I found an antique dry sink with the original marble top and backsplash that I wanted to clean up and re-do… the cabinet part I could easily paint, but the marble top was in horrible shape, could I successfully do a DIY marble restoration project to it and be happy with the results?
The answer is yes, and here are the tips to restoring an old marble counter yourself…
So I’m calling this top marble, but I’m not a stone specialist… I know this is a natural stone, but it may be soapstone and not marble? I’m pretty sure it’s not granite because this is a fairly soft stone and I think granite is harder. But whatever the stone is, I believe this following process I did to it would apply to any of these types of stones.
Like I said, the counter was in horrible condition. I don’t know what caused the severe discoloration, but it almost looked like some sort of lime deposits on the counter.
A close up of the front edge of the antique marble top to the dry sink shows how much it was detracting from the natural beauty of the stone.
So I set to work.
A while back, an old carpenter friend told me that I could sand a ding out of my granite counter top edge, so I figured I would sand the entire top of the marble and see what would happen…
I started with a fairly fine sandpaper… 220 grit.
After cutting the right sized strip of sandpaper and placing it in my sanding block, I sanded the entire marble top and edge.
The discoloration did seem like hard water deposits or something like that and they actually sanded off fairly easily.
You can see the ‘dust’ here in this picture.
I wasn’t sure if the sandpaper would wind up leaving some sort of scratches or marks in the marble top, so I sanded the entire top in one direction, like how you’d sand a piece of wood, with the grain… even though there’s no visible ‘grain’ with this marble slab.
Once I felt I had all of the old yucky stuff sanded off the top of the marble, I switched to a finer grit sandpaper… 400 grit.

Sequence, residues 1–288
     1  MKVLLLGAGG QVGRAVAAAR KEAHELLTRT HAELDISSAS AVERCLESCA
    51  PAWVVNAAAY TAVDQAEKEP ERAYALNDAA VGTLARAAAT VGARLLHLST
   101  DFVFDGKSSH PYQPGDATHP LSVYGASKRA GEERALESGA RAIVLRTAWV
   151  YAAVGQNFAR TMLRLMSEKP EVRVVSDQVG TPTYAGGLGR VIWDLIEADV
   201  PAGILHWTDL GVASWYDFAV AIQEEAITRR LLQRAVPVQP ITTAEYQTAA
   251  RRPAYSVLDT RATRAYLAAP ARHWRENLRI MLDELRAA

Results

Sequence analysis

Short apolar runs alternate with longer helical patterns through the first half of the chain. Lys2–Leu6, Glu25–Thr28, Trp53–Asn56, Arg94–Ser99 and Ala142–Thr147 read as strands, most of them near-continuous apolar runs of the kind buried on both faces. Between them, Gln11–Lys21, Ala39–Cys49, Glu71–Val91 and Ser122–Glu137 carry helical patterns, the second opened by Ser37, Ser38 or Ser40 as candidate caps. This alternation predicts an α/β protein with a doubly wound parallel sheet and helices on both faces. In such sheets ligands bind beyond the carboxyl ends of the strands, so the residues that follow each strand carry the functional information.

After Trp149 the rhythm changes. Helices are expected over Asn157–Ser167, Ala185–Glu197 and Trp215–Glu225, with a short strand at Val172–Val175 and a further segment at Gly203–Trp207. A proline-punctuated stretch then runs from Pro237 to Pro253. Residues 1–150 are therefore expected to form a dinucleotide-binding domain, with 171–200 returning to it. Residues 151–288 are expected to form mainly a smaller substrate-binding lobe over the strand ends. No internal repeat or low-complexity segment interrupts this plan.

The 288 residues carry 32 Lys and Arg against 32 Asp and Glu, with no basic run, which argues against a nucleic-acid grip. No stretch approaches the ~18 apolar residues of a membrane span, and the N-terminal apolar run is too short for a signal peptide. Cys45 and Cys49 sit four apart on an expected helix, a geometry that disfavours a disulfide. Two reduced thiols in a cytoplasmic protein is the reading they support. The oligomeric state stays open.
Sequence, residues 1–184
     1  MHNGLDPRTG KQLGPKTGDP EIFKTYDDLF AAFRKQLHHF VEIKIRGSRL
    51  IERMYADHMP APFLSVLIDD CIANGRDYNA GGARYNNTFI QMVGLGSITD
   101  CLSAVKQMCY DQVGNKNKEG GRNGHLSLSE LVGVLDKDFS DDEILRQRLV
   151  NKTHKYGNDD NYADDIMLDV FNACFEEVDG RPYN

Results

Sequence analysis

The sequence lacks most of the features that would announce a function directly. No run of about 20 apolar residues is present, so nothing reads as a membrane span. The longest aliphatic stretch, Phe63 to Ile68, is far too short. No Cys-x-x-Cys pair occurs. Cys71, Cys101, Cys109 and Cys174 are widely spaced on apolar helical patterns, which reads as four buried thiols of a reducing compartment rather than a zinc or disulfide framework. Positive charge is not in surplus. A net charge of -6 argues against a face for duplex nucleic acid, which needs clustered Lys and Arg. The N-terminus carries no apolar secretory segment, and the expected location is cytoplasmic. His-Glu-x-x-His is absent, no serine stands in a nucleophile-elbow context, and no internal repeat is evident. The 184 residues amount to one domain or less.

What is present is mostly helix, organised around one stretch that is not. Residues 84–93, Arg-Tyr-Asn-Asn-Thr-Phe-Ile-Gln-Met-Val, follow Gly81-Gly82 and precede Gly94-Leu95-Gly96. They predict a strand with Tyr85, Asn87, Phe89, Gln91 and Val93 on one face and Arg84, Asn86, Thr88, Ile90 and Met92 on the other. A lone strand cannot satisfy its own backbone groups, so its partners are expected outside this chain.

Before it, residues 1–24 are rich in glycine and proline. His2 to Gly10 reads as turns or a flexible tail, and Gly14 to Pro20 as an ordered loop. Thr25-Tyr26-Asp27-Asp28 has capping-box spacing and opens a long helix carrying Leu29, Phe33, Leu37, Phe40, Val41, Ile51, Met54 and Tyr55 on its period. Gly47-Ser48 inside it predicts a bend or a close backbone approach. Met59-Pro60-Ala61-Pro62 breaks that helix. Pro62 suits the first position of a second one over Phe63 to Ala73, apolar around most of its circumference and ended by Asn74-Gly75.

And repeated the whole thing on both the antique marble countertop and backsplash for the dry sink.
This is what the marble counter looked like once both sandings were finished and the piece was wiped down with a dry cloth… (that light edge on the front left corner is the sun shining on just that part)
Next, I remember seeing on Martha Stewart many years ago, her using mineral oil on the soapstone sink and counters she had installed… (by the way, I used mineral oil to restore the antique hardware for this same dry sink project too)
So with a clean dry rag, I poured some mineral oil out on the rag and started wiping.
I gotta be honest, the mineral oil is kind of thick and I can be a bit impatient, so after one swipe with it on my rag, I decided that was going to be too slow… so instead I just went right ahead and poured some oil directly on the marble slab. That worked much better.
Working on a small area at a time, I continued to pour out a bit, wipe it into the stone and move on…
The oil soaked into the old stone and instantly revealed the depth and beauty of the stone that was right there just hiding from sight.
Here you can see the left half of the slab that’s finished:
Once both the backsplash and top were oiled, I left them out on the bench in the courtyard for the rest of the day to dry. (I’m not really sure how long the actual drying time took, but a few hours after they were done, when I brought them back in, there was no oily residue at all)
This was such an easy restoration project, and the results were amazing.
At the beginning I wasn’t sure how it’d turn out because I was only grasping at a few random tips I’ve heard about…
but I’m thrilled with how the DIY marble restoration actually worked out, and that it was really quite an easy process.
Be sure to check out the complete dry sink restoration project and see how this marble looks installed on the antique dry sink.
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